The year was 1973. At the age of 12, I accompanied my late dad and uncle to the newly opened wildlife museum in Tehran to see the mountain sheep collection. Amongst the many mounts of Transcaspian Urials, Bezoar Ibex, and other native species, there were two large-bodied rams with extraordinarily massive heads that resembled mules. I was shocked to see such diversity in horn size and my dad told me these were the Argali rams of Mongolia and Tajikistan. My fascination with these Uber sheep began at that moment but in those days, the communist iron curtain was rock solid and remained so into my working years. With my modest engineering income, I dared not even think about affording such a hunt.
When the Soviet bloc fragmented into new independent republics in the early ’90s, the value of trophy hunting and its contribution to the local economies became apparent, leading to easier access and lower prices.
Finally, in October of 2019, my Spanish buddy Valeriano Bellés had come up with a hunt for a Marco Polo Argali that I simply could not refuse and my pal Carl of Northern Alberta decided to tag along for a crack at a mid-Asian Ibex — Gracias amigo. Marco Polo Argalis reside in Tajikistan, Kyrgyzstan, China, and Afghanistan. The latter two being closed to hunting. Tajikistan rams have the longest horns by far, but most hunts take place in undulating terrain which makes it possible to get closer to these giant sheep with less effort. Kyrgyzstan, however, has a different hunting tradition involving horses and steep unforgiving climbs on foot. It was this — one of the toughest sheep hunts on the planet — that drew me in.
As most savvy Asia-bound hunters do, we chose to travel with Turkish Airlines whose agents are not only familiar with transporting hunters and their trophies, they welcome them. The three-leg transatlantic flight to Bishkek was a slog but early on October 8th, we met our outfitter Jakyp and his English-speaking son Mansur on the tarmac. The pre-arranged VIP inspection took a mere 45 minutes and we were soon sitting comfortably in the diesel minivan, destined for Naryn.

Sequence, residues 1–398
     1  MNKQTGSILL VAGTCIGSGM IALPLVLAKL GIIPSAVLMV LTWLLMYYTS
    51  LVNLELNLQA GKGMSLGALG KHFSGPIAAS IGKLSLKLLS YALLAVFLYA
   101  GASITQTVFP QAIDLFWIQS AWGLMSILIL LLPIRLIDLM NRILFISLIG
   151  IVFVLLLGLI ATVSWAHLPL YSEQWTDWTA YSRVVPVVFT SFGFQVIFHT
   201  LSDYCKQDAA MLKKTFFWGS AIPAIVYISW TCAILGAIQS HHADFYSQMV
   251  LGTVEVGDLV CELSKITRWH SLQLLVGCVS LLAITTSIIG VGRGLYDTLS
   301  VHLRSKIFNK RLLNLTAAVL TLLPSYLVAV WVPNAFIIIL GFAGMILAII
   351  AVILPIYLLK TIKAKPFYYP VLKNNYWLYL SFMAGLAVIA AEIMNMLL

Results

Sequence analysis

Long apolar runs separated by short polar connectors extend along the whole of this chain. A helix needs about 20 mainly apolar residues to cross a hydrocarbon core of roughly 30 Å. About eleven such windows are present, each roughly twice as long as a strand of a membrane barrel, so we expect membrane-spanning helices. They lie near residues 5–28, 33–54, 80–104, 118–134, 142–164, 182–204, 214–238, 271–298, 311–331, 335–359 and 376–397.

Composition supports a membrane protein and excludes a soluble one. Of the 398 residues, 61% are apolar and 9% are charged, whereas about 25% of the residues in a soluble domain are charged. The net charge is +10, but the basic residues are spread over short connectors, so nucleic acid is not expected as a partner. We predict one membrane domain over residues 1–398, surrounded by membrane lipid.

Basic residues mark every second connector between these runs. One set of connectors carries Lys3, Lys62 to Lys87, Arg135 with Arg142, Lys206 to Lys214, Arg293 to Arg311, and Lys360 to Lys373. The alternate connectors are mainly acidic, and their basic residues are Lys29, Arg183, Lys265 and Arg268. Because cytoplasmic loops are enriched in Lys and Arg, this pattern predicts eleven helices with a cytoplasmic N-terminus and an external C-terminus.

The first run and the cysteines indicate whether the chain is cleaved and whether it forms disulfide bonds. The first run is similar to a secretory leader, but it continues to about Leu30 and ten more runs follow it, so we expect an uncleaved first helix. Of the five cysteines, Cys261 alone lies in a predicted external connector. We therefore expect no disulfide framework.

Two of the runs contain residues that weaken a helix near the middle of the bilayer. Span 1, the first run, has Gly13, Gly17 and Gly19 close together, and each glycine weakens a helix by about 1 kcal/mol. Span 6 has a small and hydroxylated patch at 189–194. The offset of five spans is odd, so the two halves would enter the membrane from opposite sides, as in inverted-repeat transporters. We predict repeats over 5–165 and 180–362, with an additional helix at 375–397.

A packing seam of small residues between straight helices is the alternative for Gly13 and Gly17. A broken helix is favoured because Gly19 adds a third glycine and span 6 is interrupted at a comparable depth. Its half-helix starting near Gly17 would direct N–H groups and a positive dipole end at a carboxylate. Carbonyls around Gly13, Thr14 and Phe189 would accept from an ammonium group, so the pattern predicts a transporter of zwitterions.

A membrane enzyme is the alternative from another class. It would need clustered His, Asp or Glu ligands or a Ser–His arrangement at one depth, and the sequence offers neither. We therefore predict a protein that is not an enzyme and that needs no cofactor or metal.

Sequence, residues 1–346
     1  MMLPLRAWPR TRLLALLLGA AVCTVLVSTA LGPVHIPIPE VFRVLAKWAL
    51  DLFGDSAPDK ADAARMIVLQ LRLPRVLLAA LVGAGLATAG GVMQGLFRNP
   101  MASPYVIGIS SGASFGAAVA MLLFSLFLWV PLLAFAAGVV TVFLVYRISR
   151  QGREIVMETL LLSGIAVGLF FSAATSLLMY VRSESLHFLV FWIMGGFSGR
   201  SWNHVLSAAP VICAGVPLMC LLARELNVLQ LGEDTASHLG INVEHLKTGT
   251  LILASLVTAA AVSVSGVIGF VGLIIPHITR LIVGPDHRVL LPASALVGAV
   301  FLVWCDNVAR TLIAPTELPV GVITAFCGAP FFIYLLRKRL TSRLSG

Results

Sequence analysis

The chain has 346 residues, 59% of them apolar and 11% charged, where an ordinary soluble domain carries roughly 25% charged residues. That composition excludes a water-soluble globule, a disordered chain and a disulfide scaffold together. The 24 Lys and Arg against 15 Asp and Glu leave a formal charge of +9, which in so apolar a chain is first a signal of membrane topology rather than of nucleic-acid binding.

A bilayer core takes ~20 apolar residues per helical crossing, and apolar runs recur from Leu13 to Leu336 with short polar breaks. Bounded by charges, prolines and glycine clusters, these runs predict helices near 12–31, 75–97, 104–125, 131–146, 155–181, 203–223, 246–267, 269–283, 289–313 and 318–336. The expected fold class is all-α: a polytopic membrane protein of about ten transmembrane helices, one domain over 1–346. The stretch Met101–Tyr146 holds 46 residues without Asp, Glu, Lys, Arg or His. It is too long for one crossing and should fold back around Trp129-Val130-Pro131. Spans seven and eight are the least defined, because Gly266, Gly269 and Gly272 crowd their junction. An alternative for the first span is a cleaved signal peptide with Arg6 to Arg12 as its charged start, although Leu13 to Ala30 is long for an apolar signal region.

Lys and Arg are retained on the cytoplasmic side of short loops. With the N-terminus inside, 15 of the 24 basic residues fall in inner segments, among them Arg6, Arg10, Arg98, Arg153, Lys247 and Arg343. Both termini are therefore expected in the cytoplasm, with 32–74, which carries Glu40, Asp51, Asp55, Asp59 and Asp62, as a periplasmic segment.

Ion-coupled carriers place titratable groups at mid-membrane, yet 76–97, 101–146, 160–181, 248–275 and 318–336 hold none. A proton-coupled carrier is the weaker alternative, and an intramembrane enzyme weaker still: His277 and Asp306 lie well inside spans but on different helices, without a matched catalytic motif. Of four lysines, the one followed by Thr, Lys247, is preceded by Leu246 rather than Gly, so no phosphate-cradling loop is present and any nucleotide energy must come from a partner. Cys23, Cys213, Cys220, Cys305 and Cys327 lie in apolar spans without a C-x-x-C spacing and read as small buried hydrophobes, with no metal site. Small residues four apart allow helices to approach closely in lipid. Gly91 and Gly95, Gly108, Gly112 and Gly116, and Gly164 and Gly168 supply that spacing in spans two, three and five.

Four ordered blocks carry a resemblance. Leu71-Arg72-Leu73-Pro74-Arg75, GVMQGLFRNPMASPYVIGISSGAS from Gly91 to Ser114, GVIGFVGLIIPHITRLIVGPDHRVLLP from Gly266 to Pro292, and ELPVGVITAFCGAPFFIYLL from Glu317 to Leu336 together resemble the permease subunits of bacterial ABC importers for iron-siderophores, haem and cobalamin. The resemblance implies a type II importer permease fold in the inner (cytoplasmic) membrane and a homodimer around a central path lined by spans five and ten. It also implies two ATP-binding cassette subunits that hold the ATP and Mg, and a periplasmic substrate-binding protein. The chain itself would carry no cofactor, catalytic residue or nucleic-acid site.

The 8-hour drive through an unspoiled landscape with barren mountains and the occasional village reminded me of Iran where I was born almost 60 years ago. I had not been back since the 1979 political turmoil, so my childhood memories were re-ignited. It was as though someone had turned the clock back 100 years. Livestock wandered unfenced, oxen pulled plows and a simple life prevailed.
Naryn was a tiny charming town of 4,000, so it came as a surprise that it had a surface electric rail car system. Mansur insisted that we spend the night there to get acclimatized and we did. The day’s highlight was the music, dancing, drinking of a raucous Kyrgyz wedding in our hotel’s restaurant. We toured town buying cigarettes for our guides even as we began our altitude acclimation for what we would face later.
The next morning, the four of us squeezed into an Old Russian UAZ-452 together with two guides and our interpreter for four hours of intermittent pavement to our main camp. I expected to sight in rifles and head to spike camp but was startled to learn spike camp was still a 36 km (23 mile) horseback ride away. Onward! Planes, trains, automobiles, horseback, boot leather! That night, we met our guides and I liked my guide Bakyt from the first time I shook his hand. A slight man of 5’-2” with a deeply lined and dark-tanned face, Bakyt, and his genuine smile was typical of a mountain man. The “rules of engagement” were translated by our camp interpreter and explained to us. This was of paramount importance as neither of the guides spoke English and we had to make sure we conveyed our trophy expectations and fitness levels to them. The next morning, the slow and steady ride to the spike camp was picturesque with a few gnarly sections. I have limited horseback experience and thus, with no shame, asked Bakyt to lead my horse. In a few spots, I even dismounted and walked the sketchiest terrain. En-route, we saw many wolf tracks and a handful of Marco Polo ewes and lambs.
We reached spike camp at an altitude of 3,500 meters (15,000 ft.) around 5 pm in a wide valley bisected by a river and multiple drainages snaking up between imposing peaks on both sides; a picture-perfect spike camp with water, grass for the horses and quick access to sheep range. While the guides unpacked the horses, I used my trusty Bushnell Spacemaster to scan the slopes. Bingo! Five rams about 5 km out- not so unlike hunting bighorns. The attention switched from camp setup to the shooter ram on the hill. I put on my white camo and we guided the horses along the river to keep a low profile. The last 2 km would be on foot. Coming to the last knoll, I realized there was no way to get closer.